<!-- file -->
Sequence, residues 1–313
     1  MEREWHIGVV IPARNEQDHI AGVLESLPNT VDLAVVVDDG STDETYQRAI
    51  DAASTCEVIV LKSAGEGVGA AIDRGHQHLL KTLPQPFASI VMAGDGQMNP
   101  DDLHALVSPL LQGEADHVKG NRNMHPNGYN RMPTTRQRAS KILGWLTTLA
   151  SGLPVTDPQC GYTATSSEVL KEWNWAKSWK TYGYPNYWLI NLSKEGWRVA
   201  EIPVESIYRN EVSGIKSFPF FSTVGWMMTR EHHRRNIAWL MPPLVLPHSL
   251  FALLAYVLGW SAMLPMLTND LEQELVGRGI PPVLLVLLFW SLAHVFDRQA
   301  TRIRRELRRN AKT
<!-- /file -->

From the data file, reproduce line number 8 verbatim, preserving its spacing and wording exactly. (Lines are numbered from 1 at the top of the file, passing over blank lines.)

   301  TRIRRELRRN AKT